By Philip Clayton
In the New York Times Science section recently, scientists weighed in on the question of whether Francis Collins is fit to lead the National Institutes of Health. Can a man who reports a conversion experience to Christianity be qualified to lead America's top institutes for medical research? Some say no. Physicist Robert L. Park, frequent critic of "voodoo science," insisted that Collins' conversion was no more than a "hormonal rush" with no higher meaning.
By and large, however, the criticisms of the new NIH director have been muted. The reason: Collins is not "soft on evolution." He is an unapologetic defender of the Darwinian consensus. What makes this criterion so important? And why do some biologists (the so-called "New Atheists," led by their enfant terrible, Richard Dawkins) now seem to believe it's not enough?
Of course, there were always scientists who claimed that there is no room for God after Darwin. But the religicide option in the evolution wars really gained momentum over the last decade or so in response to the widespread popular support of the "intelligent design" (ID) movement. Massive numbers of Americans now endorse the ID claim that cellular structures such as hemoglobin are "irreducibly complex," which means that evolutionary biology cannot explain them, even in principle.
Such assertions represent a double attack on science: they attempt to remove core biological phenomena from the reach of biology, and they claim that theories about an Intelligent Designer represent better science than the natural sciences can ever offer. Several polls show that over 50 percent of Americans affirm ID in this sense.
Scientists, sensing that the very institution of science was at stake, fired back with everything they had. Dawkins' massively successful The God Delusion has sold over 1.5 million copies; some are claiming that it has "mainstreamed atheism" for the first time in American history.
For the contenders, the stakes are ultimate: the very existence of God on the one side, the very existence of science on the other. Is it any wonder that reasoned debates -- discussions that acknowledge common ground -- are almost nonexistent? When we ran the global "Science and the Spiritual Quest" program just a decade ago, many leading scientists took moderate views. Religion did not need to be destroyed, they told us, as long as the basic conditions for doing science were not undercut. Theologians and religious leaders responded in kind: religionists have every reason to support scientific research and to learn from its results.
You'll have to look long and hard in the public-square discussion today to find similar bilateral calls for complementarity and partnership. Yet why should the relations between evolution and creation constitute a zero-sum game?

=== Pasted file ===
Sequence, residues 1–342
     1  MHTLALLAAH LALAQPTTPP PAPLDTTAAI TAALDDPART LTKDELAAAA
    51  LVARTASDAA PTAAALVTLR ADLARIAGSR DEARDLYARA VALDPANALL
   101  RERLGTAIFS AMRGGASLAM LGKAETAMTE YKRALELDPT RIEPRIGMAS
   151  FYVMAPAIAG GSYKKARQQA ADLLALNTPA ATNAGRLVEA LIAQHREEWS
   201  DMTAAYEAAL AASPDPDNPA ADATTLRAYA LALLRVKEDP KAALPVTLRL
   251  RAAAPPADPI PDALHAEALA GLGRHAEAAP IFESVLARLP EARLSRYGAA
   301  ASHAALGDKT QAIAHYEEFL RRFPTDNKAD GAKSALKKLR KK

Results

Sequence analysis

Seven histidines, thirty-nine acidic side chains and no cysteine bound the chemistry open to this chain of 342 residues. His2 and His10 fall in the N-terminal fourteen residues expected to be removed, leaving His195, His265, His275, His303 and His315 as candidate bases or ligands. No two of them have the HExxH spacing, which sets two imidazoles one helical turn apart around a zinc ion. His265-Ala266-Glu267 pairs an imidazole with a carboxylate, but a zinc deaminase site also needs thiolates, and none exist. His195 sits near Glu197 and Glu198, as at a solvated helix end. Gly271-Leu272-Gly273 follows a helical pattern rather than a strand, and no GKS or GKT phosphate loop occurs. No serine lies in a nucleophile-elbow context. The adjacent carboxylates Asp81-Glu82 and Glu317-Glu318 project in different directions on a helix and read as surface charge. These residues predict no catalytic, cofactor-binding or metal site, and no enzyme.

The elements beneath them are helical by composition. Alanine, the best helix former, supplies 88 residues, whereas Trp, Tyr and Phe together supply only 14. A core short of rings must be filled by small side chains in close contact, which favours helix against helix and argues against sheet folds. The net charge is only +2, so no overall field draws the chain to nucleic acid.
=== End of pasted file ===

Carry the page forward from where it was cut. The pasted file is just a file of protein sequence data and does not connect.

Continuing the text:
A moment's reflection reveals multiple ways in which these two great products of the human spirit can be distinguished: religion asks about the why, science explains the how; science researches matters of empirical fact, while religion is concerned with matters of ultimate values; scientists use empirical techniques and theories to account for the physical and natural world, whereas religionists are concerned with the metaphysical and the supernatural; science studies how the heavens go, religion how to go to heaven.
One does not need to find all these formulations adequate (I, for one, do not) in order to doubt that science demands the death of religion or religion the death of science. Here's the point: only when one affirms some sort of "live and let live" policy is it possible even to begin a serious discussion about evolutionary biology and (say) belief in God.
When evolutionary and religious explanations are construed as fighting for the same territory, they will unleash their weapons upon each other -- as today's religion wars show. When we recognize and acknowledge their different strengths, a far more interesting discussion emerges.
This new debate is challenging because it requires both sides to give up certain hegemonic claims: scientists, the claim that science provides the answer to all metaphysical questions; and religionists, the claim that they know better than science how nature works. Yet a whole series of fascinating questions arises when hegemony is off the table: is there a directionality to evolution or is it, as Stephen Jay Gould thought, a "drunkard's walk"? Do the emergent worlds of culture, ideas, philosophy, art, and even religion make any irreducible contributions to explaining what it is to be human? How (if at all) could a divine influence on cosmic history be compatible with the scientific study of the cosmos? What kind of influence would it have it be? Will humans respond more appropriately to the global climate crisis when scientific data are combined with religious values and motivations for action?